Many PLC configurations and standards are variable, even from a single vendor.
But, in each of these, there are common components and concepts. Sink & Source connections are these types of connections presented in most of PLC’s vendors.
Today we are going to learn how to make a Sink or Source connection and also, we will clarify the difference between both the connections.
Types of Input Signals
Inputs to, and outputs from, a PLC are necessary to monitor and control a process. Both inputs and outputs can be categorized into two basic types: logical and continuous.
Consider the example of a light bulb. If it can only be turned on or off, it is logical control. If the light can be dimmed to different levels, it is continuous. Continuous values seem more intuitive, but logical values are preferred because they allow more certainty, and simplify control.
As a result, most control applications (and PLCs) use logical inputs and outputs for most applications. Hence, we will discuss logical I/O and leave continuous I/O for later.
Inputs come from sensors that translate physical phenomena into electrical signals.
Typical examples of sensors are listed below in relative order of popularity.
- Proximity Switches – use inductance, capacitance or light to detect an object logically.
- Switches – mechanical mechanisms will open or close electrical contacts for a logical signal.
- Potentiometer – measures angular positions continuously, using resistance.
- LVDT (linear variable differential transformer) – measures linear displacement
continuously using magnetic coupling.
Difference Between PNP and NPN Sensors
First of all, you have to notice that the difference between the sink and source connections depends on if you’re talking about PLC inputs or outputs, here we are talking about PLC inputs.
Considering the proximity switches as an example would help you to clarify this point.
We have two types of proximity switches (PNP – NPN):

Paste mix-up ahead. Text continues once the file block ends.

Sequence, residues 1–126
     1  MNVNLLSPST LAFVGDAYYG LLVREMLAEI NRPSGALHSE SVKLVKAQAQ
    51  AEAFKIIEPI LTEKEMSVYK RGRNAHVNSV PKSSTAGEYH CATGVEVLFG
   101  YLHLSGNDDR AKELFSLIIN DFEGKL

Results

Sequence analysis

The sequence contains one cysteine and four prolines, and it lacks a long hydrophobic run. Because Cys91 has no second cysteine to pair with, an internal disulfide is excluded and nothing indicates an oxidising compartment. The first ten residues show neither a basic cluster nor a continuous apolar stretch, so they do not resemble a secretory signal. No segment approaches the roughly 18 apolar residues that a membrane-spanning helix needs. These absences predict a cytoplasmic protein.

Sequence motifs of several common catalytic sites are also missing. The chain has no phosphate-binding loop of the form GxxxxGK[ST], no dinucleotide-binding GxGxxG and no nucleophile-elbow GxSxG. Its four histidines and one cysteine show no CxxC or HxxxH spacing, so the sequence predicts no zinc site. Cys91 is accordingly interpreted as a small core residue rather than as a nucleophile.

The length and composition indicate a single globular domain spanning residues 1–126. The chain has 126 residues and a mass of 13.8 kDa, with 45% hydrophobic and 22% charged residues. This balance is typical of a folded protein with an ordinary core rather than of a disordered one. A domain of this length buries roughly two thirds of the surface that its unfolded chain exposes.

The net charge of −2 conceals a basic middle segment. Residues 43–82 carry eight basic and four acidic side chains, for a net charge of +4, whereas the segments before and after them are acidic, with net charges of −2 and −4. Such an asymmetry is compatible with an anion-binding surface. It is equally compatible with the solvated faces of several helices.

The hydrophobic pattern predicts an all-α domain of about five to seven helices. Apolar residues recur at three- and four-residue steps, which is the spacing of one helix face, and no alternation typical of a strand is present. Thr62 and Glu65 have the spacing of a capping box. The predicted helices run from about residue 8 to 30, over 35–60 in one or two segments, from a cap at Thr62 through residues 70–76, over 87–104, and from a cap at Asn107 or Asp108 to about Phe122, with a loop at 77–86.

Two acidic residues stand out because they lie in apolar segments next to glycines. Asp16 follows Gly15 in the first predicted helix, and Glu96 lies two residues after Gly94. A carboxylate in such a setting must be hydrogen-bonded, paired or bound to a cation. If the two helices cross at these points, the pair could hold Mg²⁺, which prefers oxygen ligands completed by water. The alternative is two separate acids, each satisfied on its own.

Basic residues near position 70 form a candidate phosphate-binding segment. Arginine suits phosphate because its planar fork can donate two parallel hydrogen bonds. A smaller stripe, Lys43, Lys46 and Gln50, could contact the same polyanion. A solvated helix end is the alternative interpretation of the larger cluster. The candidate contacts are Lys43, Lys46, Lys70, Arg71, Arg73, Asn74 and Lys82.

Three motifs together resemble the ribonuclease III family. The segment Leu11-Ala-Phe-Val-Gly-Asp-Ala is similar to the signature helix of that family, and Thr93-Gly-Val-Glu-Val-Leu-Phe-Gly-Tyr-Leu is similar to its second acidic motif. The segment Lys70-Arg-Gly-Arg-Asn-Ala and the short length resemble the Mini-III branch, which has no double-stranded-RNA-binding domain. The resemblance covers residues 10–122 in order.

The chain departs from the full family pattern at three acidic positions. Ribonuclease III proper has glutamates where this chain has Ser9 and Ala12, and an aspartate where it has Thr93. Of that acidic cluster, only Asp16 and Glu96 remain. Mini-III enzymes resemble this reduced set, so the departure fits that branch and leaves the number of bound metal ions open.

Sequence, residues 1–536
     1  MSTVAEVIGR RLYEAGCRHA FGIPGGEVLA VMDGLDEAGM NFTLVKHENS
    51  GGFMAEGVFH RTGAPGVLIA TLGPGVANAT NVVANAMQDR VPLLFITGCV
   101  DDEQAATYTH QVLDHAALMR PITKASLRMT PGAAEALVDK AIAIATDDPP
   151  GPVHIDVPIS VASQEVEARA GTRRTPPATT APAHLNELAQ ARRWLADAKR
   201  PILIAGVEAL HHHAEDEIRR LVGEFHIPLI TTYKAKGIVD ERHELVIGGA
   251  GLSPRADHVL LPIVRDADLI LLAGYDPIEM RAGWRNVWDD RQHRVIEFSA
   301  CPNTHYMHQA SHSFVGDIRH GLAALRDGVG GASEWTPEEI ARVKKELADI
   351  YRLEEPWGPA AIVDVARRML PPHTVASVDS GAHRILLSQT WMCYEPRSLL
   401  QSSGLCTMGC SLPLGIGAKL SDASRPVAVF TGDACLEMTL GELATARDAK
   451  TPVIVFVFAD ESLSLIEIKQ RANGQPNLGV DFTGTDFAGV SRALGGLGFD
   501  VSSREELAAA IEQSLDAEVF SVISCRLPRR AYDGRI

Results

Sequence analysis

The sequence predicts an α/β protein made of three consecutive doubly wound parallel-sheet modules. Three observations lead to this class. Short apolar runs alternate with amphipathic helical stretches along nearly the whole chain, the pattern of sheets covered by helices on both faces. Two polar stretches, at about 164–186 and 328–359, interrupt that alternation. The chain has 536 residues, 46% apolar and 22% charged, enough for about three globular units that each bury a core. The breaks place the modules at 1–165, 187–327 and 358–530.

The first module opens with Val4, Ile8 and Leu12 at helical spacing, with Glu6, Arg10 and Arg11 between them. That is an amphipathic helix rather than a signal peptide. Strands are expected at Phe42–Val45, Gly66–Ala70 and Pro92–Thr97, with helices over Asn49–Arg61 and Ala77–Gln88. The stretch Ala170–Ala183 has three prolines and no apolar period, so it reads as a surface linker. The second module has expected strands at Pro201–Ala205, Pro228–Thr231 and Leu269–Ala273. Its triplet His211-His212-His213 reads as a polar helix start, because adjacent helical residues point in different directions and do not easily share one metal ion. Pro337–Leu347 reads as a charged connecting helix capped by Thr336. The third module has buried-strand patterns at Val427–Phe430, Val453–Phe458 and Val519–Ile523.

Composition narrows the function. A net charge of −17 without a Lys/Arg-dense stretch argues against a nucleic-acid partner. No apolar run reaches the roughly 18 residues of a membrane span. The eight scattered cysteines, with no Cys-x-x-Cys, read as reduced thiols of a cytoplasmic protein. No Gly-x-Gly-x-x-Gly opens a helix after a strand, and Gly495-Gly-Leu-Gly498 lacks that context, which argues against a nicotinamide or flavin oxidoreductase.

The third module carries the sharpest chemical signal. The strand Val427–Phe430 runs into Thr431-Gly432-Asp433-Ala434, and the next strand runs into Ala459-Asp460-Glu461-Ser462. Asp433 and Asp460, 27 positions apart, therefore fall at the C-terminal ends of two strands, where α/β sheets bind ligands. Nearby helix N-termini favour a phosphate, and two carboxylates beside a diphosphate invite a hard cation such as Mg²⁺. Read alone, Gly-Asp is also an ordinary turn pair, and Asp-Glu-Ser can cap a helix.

Electrically, a PNP type of proximity switch outputs the current from the sensor with (+) voltage. An NPN type of proximity switch receives the current to the sensor with (-) voltage. As shown in Fig. (1).
Structure of Sink and Source sensors
Sinking sensors allow current to flow into the sensor to the voltage common, while sourcing sensors allow current to flow out of the sensor from a positive source.
For both of these methods, the emphasis is on current flow, not voltage.
NPN Sensor (Sinking)
As shown in Fig. (2) the sensor responds to a physical phenomenon. If the sensor is inactive (nothing detected) then the active line is low and the transistor is off, this is like an open switch.
That means the NPN output will have no current in/out.
When the sensor is active, it will make the active line high. This will turn on the transistor and effectively close the switch.
This will allow current to flow into the sensor to the ground (hence sinking). The voltage on the NPN output will be pulled down to V-.
The voltage will always be 1-2V higher because of the transistor. When the sensor is off, the NPN output will float, and any digital circuitry needs to contain a pull-up resistor.
PNP Sensor (Sourcing)
Here in Fig. (3) we can see that the sensor responds to the physical phenomenon.
If the sensor is inactive (nothing detected) then the active line is low and the transistor is off, this is like an open switch. That means the PNP output will have no current in/out.
When the sensor is active, it will make the active line high. This will turn on the transistor and effectively close the switch. This will allow current to flow from V+ through the sensor to the output (hence sourcing). The voltage on the PNP output will be pulled up to V+.
the voltage will always be 1-2V lower because of the transistor. When off, the PNP output will float, if used with digital circuitry a pull-down resistor will be needed.
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